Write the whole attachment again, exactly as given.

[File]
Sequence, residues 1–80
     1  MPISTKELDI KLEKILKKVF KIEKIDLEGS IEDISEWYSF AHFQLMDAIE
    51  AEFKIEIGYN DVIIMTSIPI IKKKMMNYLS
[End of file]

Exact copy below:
Sequence, residues 1–80
     1  MPISTKELDI KLEKILKKVF KIEKIDLEGS IEDISEWYSF AHFQLMDAIE
    51  AEFKIEIGYN DVIIMTSIPI IKKKMMNYLS